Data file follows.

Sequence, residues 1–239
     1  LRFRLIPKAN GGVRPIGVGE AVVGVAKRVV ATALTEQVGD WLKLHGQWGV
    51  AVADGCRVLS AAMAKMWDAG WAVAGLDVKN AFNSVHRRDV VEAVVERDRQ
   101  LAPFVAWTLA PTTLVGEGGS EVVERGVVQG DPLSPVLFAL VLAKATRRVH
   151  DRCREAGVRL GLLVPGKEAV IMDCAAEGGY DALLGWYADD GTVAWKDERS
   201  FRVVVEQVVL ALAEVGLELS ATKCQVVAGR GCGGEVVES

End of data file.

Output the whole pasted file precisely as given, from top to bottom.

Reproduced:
Sequence, residues 1–239
     1  LRFRLIPKAN GGVRPIGVGE AVVGVAKRVV ATALTEQVGD WLKLHGQWGV
    51  AVADGCRVLS AAMAKMWDAG WAVAGLDVKN AFNSVHRRDV VEAVVERDRQ
   101  LAPFVAWTLA PTTLVGEGGS EVVERGVVQG DPLSPVLFAL VLAKATRRVH
   151  DRCREAGVRL GLLVPGKEAV IMDCAAEGGY DALLGWYADD GTVAWKDERS
   201  FRVVVEQVVL ALAEVGLELS ATKCQVVAGR GCGGEVVES